LaMelo Ball's 'broken' jumper should have Warriors running for the hills
Connect with us
LaMelo-Ball-Warriors

LaMelo Ball’s ‘broken’ jumper should have Warriors running for the hills

In a matter of weeks, the Golden State Warriors will find out where they will land during the NBA Draft Lottery, sharing an equal 14% chance of netting the No. 1 overall pick with the Cleveland Cavaliers and Minnesota Timberwolves. LaMelo Ball was already presented as a shaky option for teams, yet an NBA scout’s latest assertion of his skillset should have the Warriors running for the hills if Ball is their best available option.

According to Chris Fedor of Cleveland.com, Ball’s “broken” shot just isn’t cutting it in the eyes of talent evaluators.

Transcript via HoopsHype:

“I talked to an evaluator that’s been watching LaMelo and Deni Avdija and a lot of these other guys for a number of years now. And the term that was used for LaMelo’s shot was ‘broken,'” said Fedor in the Wine and Gold podcast. “Now this is just one person’s evaluation of it. And then when I asked about Deni, because his shooting percentages were low as well. The person told me that he thought it was fixable.”

Much like the Facebook Watch series: “Ball in the Family,” it appears that a broken shot also runs in the family.

Only three years ago a young Lonzo Ball was drafted with the No. 2 overall pick of the 2017 NBA Draft despite showing clear deficiencies in his jump shot. The same can be said for LaMelo.

A quick look at some of his highlights during his brief overseas stint with the Illawarra Hawks should validate the scout’s concerns.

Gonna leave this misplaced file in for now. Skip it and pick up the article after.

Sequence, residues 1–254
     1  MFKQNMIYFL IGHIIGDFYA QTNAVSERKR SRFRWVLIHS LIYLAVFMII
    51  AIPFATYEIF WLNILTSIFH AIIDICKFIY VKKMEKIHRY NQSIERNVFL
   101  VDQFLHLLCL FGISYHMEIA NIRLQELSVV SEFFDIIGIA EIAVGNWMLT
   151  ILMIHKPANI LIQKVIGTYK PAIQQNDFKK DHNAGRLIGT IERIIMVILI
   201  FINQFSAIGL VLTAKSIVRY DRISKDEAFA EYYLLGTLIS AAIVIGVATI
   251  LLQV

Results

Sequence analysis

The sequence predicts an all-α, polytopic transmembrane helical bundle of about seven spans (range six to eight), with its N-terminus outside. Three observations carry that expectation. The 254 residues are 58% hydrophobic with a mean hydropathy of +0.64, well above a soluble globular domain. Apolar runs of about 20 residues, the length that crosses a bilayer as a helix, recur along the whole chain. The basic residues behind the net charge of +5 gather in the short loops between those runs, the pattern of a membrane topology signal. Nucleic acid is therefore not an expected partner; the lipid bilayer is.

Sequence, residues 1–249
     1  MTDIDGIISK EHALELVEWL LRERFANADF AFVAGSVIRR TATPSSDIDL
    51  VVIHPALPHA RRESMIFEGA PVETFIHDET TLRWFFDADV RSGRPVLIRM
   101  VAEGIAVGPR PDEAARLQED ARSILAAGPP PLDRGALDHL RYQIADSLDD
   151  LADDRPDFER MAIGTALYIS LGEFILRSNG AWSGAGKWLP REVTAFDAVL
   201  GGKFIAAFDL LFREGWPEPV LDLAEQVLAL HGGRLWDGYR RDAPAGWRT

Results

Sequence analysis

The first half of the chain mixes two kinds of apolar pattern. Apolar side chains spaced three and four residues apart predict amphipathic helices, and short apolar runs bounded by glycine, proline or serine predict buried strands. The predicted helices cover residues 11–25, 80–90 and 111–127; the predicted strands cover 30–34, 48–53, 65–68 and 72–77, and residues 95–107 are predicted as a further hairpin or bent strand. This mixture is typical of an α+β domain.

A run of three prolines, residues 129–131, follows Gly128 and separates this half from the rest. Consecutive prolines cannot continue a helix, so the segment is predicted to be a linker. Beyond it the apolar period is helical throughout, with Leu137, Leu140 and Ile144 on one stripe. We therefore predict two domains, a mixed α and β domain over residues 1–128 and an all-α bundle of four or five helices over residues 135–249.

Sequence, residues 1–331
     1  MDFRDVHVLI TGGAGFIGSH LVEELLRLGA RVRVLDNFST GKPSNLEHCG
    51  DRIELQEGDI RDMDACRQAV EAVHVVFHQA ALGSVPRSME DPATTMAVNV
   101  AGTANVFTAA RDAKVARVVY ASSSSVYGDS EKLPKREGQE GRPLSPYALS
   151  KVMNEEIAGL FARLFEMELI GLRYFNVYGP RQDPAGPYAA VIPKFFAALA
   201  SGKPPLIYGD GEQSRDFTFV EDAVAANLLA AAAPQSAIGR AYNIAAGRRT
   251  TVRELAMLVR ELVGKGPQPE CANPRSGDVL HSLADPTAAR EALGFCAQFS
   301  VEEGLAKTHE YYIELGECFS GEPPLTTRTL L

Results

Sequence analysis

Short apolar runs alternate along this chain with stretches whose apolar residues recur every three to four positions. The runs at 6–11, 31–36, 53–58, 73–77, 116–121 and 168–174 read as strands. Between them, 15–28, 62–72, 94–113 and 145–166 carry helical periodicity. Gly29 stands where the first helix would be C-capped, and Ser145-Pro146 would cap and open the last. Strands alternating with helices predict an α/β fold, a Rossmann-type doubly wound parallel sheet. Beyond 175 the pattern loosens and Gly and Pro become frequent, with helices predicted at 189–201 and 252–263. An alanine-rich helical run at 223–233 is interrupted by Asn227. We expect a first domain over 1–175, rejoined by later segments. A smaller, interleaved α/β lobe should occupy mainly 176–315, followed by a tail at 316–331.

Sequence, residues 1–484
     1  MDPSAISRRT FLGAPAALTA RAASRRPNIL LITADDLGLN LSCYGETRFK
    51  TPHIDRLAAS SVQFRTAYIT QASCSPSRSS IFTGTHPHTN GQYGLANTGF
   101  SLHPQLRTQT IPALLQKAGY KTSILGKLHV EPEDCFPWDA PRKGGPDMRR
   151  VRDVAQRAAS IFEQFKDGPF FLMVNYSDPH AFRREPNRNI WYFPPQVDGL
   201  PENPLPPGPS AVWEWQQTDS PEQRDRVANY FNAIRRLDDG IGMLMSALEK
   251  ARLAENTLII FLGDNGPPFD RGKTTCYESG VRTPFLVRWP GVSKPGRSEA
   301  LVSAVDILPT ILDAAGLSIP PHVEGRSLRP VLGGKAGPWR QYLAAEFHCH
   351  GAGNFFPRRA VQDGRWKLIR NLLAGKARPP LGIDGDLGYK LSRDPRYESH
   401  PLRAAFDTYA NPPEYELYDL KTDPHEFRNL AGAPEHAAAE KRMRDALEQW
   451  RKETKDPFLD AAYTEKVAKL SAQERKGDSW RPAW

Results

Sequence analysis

In this play, LaMelo waits in the left wing and uncorks a successful 3-pointer during a fast-break opportunity. A closer look shows him starting on his left hip, raising the ball and releasing just right above his chest.

But don’t take my word for it, or the scout’s for what it’s worth. Listen to the color commentator at the 1:04 mark of this video:

“His shot needs a lot of work. You have a look at the technical side, shooting it so low and shooting it in front of his face with two hands.”

It doesn’t take a genius to figure out his shot is not up to par with that of NBA players, let alone college players — yet hearing that his shot is mechanically “broken” from a person who is paid to break down every aspect of a prospect, is concerning at best.

The Warriors have shown interest in lower-ranked players like Tyrese Haliburton, as it is a matter of fit for this team more so than yielding the best talent available.

LaMelo’s father, LaVar Ball, has gone on air to say his youngest son doesn’t need the Warriors and doesn’t want to play there.

Golden State doesn’t need any more advice when it comes to draft pick, but they’d be smart to stray away from LaMelo’s broken shot in the 2020 NBA Draft and net themselves better bang for their buck.

LaMelo might be able to fix that broken shot and turn into a better player in due time, but this is a work-in-progress preoccupation a team with championship aspirations doesn’t need at the moment.